This study assessed the exposure of humans to Staphylococcus species expressing the Enterotoxins genes (SEs) through consumption of boiled-milk-served-hot and fermented milk in Mbeya, Tanzania. A survey involving 120 consumers revealed that 67.5% of the respondents were buying raw milk from milk shops for home consumption. About 76% of respondents boiled milk before consumption, 14.8% ferment the milk after boiling and 5.8% consumed fermented milk without boiling. Children (30%) consumed milk more frequently than other members in the family. Among consumers who buy milk from the milk shops, 71% were daily consumers of both boiled milk served hot and fermented milk. Approximately, 1197 L (90% CI, 987-1416) of ready to consume milk was sold per day. Of which 860 L (90% CI, 645-1071) and 337 L (90% CI, 168-530) were boiled-milk-served-hot and fermented milk, respectively. Out of the ready to consume milk, 490 L (90% CI, 464-516) of boiled-milk-served-hot was contaminated with SEs gene compared to 77.5 L (90% CI, 67-88) of fermented milk. Daily 2394 people were consumers of milk and their products. Exposure assessment shows that the probability of consuming boiled-milk-served-hot and fermented milk contaminated with SEs gene at a milk shop was 0.42 (90% CI, 0.071-0.838) and 0.17 (90% CI, 0-0.62), respectively. It was estimated that every day, 363 (90% CI, 341-385) and 58 (90% CI, 49-66) people were likely to consume boiled milk taken hot and fermented milk contaminated with SE gene, respectively. The finding shows that exposure to SEs gene was two times more likely to occur in people who consume boiled-milk-served-hot than in people who consume fermented milk (OR. 2.221 (90% CI, 0.6-6.16). Awareness creation on proper food handling among milk handlers to reduce contamination along the milk value chain is recommended.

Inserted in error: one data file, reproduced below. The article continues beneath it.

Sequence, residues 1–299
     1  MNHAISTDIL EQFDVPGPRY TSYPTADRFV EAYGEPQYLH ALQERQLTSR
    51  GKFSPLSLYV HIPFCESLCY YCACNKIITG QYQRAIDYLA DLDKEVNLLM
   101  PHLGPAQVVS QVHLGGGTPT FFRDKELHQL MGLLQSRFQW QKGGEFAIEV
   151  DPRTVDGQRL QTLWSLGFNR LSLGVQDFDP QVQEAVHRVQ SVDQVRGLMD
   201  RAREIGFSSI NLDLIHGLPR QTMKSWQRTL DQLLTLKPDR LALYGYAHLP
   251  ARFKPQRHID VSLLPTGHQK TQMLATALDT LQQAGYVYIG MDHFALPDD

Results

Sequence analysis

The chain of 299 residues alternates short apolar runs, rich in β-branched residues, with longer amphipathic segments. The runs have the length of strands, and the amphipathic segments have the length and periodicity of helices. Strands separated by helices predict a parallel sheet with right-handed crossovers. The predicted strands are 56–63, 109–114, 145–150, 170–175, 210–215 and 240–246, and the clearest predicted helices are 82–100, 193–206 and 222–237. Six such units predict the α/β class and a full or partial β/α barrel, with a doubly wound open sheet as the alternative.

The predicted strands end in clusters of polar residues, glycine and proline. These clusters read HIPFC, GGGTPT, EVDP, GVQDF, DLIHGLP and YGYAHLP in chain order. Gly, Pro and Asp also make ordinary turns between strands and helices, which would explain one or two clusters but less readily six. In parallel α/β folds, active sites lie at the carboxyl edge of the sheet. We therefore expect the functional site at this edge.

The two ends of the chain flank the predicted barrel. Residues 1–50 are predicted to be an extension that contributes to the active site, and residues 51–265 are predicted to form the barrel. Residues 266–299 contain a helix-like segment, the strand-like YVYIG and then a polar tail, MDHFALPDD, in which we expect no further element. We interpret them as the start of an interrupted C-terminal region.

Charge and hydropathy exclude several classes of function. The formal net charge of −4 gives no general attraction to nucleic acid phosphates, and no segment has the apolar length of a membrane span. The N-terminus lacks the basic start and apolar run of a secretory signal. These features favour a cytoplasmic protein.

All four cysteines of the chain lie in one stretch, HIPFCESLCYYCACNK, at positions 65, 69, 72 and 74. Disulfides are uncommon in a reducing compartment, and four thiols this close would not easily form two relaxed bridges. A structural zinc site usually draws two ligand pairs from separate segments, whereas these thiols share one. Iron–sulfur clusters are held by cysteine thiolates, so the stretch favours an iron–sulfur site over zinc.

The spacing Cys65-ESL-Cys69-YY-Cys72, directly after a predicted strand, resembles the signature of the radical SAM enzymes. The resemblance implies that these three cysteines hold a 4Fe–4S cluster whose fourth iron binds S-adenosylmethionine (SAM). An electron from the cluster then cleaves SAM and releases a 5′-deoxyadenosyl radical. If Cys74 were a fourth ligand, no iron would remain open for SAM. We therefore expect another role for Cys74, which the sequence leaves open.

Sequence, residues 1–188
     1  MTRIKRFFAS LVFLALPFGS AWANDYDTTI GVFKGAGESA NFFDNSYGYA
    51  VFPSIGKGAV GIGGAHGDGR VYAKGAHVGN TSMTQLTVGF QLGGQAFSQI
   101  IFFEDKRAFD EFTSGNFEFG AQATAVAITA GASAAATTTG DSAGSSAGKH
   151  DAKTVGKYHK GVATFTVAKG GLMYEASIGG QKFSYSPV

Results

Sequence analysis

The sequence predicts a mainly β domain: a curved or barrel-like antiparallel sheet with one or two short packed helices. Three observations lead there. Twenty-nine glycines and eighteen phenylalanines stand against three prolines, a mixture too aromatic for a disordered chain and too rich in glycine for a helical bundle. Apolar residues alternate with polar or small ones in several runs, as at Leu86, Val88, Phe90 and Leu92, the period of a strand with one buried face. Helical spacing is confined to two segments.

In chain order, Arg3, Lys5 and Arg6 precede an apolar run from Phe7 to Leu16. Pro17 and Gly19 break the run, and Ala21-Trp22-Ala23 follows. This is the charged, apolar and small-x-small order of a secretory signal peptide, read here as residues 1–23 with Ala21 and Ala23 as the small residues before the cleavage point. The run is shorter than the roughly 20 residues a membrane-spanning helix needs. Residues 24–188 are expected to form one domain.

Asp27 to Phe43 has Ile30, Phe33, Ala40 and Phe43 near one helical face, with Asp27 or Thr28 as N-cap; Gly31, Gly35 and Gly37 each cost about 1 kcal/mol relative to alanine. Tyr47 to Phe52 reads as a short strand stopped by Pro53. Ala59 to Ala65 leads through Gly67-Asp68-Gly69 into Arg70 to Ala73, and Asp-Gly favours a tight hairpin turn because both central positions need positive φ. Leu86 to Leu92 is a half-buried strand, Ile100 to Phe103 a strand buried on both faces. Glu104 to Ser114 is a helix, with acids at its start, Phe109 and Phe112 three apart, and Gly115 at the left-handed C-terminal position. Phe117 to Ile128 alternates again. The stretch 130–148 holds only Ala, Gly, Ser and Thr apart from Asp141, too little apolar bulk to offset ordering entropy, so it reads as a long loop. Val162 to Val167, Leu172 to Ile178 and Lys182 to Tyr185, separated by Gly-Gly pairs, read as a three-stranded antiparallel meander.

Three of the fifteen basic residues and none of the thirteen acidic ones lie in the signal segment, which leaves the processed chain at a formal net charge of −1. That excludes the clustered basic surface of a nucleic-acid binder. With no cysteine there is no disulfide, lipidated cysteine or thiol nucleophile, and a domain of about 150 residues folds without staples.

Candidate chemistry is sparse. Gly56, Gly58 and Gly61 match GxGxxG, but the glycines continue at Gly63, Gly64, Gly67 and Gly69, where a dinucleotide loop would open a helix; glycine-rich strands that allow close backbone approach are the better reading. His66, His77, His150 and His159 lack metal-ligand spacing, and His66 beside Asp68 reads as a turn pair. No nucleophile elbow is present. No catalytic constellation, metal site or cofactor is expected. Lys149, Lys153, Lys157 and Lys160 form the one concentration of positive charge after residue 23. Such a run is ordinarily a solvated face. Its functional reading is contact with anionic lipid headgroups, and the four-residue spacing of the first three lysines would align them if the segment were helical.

Key words: Boiled milk served hot, foodborne disease, public health, fermented milk.
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